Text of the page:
When the level of the noise falls below the level allowed by the converter, the electrochemical noise is eliminated by the converter, thereby preventing the measurement of the subject electromagnetic flow meter from being reduced in precision. Conversely, when the electrochemical noise has a higher level than permitted by the converter, an amplifier is set to operate in the saturation region in the converter, giving rise to irregular functions and noticeably decreasing the measurement precision. For instance, in the above-mentioned conventional electromagnetic flow meter, the electrochemical noise is of a sufficiently high level to cause an input signal to the integration circuit to be of a positive voltage, causing the control circuit to fail to perform a normal function. For the resolution of this problem, the conventional practice is to supply a negative bias voltage to the integration circuit to expand the range of stable operation. However, the impression of a bias voltage to the integration circuit leads to a reduction of the extent to which a flow rate signal can vary within the operational range of the integration circuit and, moreover, the noises of the integration circuit exert a more prominent effect in the later stage of the integration circuit. Consequently, the drift of the offset voltage of the integration circuit is, for example, enlarged, thus imposing limitations on the extent to which the bias voltage can be impressed.

Hitherto, therefore, a limiter circuit has been provided in the detector to eliminate electrochemical noises. This limiter circuit comprises Zener diodes connected together with their polarities reversed with respect to each other, and resistors connected in parallel with the Zener diodes. However, though the conventional electrochemical noise-eliminating process involving the limiter circuit can indeed restrict the occurrence of electrochemical noises, at the same time it also restricts the issue of a flow rate signal. Therefore, the conventional process can not yet be regarded as fully adapted to attain the intended object.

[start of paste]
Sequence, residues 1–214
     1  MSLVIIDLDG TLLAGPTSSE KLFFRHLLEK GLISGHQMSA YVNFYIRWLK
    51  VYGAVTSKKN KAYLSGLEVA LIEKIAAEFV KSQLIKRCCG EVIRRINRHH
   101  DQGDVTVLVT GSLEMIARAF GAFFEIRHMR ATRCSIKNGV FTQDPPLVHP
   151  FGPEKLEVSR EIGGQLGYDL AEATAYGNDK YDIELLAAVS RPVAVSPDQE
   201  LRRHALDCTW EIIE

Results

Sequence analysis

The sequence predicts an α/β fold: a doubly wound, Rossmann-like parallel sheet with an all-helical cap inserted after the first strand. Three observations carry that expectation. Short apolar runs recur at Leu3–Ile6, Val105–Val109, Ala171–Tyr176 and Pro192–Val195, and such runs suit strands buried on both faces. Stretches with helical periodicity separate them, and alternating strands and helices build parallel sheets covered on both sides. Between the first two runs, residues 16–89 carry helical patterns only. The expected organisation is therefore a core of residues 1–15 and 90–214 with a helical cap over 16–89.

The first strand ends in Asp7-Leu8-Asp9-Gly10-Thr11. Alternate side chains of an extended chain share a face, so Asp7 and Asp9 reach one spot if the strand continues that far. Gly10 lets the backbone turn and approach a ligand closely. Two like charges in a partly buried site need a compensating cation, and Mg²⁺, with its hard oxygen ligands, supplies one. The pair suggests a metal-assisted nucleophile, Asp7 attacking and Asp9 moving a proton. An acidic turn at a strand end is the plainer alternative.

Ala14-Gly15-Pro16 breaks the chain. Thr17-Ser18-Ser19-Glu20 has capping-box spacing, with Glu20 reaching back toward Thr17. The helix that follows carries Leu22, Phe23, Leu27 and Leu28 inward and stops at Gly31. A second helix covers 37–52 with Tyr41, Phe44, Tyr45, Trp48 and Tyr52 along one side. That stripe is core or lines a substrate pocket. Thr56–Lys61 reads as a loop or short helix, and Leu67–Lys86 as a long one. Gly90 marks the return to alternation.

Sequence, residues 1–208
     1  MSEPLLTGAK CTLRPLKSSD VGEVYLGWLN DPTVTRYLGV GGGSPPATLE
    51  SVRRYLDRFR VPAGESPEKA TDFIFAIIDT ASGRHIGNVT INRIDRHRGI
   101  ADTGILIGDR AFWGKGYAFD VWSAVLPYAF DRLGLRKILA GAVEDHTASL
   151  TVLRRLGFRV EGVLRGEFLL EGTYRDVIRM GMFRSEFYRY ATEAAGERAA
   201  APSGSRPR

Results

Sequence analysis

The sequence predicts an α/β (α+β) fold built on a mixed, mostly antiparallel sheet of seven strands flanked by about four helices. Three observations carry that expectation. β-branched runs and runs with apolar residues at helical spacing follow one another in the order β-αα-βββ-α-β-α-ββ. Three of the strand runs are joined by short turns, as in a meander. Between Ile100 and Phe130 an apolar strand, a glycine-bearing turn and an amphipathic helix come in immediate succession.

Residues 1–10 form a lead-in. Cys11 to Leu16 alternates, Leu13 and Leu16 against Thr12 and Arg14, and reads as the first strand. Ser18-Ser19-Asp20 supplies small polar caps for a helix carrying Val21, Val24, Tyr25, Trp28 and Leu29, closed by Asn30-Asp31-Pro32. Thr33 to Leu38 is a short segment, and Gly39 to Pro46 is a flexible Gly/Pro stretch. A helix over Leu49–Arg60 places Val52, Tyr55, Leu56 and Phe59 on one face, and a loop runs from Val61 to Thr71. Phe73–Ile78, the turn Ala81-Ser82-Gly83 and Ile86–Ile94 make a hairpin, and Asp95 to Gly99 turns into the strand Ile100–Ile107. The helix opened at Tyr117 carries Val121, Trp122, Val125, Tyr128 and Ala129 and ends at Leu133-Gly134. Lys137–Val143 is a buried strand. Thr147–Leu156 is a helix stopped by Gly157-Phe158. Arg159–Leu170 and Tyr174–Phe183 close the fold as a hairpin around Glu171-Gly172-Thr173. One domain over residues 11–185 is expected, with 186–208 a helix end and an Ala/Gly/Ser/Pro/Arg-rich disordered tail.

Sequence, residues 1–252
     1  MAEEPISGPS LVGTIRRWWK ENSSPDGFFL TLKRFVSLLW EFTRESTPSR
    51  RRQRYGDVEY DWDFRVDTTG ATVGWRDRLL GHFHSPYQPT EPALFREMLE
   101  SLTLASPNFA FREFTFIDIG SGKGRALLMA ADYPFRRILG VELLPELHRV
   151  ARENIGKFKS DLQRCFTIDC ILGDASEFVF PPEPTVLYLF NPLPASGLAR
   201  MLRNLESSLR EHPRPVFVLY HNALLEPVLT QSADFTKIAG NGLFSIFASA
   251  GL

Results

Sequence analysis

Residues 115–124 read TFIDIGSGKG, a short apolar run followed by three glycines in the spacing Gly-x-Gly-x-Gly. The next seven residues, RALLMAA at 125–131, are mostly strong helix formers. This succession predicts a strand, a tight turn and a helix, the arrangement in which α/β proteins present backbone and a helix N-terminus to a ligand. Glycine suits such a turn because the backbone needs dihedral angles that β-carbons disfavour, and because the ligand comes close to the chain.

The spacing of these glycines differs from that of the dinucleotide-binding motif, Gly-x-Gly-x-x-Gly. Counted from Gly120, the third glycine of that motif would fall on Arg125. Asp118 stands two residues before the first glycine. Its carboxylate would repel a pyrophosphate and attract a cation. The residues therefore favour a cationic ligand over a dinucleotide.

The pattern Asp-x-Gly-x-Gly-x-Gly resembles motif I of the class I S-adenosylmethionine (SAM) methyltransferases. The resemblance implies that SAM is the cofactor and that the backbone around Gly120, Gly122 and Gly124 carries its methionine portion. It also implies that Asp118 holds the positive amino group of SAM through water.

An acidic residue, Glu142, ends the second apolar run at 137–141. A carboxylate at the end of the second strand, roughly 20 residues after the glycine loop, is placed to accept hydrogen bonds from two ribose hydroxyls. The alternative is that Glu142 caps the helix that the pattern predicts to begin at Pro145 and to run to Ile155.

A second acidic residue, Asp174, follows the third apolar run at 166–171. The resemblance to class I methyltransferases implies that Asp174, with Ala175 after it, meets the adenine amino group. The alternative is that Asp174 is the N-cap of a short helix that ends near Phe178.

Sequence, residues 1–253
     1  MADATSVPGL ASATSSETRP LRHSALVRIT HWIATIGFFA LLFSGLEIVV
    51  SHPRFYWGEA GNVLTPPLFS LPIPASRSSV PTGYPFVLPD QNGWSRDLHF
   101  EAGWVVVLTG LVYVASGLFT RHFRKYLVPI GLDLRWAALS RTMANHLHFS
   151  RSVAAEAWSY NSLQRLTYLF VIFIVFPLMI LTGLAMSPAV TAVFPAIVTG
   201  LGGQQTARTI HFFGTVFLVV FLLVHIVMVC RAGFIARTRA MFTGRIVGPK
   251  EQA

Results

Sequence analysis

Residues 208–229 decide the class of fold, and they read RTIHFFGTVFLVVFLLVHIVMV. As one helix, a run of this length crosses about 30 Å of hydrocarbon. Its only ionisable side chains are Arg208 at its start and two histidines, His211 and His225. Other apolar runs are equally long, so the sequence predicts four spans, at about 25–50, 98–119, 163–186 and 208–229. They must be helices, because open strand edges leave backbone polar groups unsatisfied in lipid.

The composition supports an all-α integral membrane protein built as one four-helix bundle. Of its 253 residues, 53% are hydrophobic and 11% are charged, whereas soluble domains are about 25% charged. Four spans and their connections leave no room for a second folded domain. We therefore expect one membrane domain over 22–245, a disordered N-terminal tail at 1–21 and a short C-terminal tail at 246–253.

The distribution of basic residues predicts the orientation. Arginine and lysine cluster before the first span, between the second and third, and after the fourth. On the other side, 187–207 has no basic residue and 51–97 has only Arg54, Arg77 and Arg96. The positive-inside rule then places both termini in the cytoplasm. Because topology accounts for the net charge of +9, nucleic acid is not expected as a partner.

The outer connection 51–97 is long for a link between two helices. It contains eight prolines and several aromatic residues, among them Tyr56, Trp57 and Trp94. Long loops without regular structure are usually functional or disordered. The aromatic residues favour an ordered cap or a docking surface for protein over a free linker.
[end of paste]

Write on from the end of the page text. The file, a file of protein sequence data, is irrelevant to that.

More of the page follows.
SUMMARY OF THE INVENTION

It is, accordingly, the object of this invention to provide an electromagnetic flow meter which can ensure elimination of even excessive electrochemical noises, and which can determine the flow rate of fluids with a sufficiently high degree of precision.

To attain the above-mentioned object, this invention provides an electromagnetic flow meter which comprises:

a flow meter main body (1) which supplies a square wave current to excitation coils (9a, 9b), impresses the generated magnetic field on an electrically conductive fluid, and draws out, in the form of a flow rate signal and by means of a pair of electrodes (5a, 5b), a voltage induced in said electrically conductive fluid;

delay means (311, 313) connected to the flow meter main body (1) for the purpose of delaying the received flow rate signal for a length of time equivalent to an integer multiple of half the period of said flow rate signal, and then outputting the delayed flow rate signal;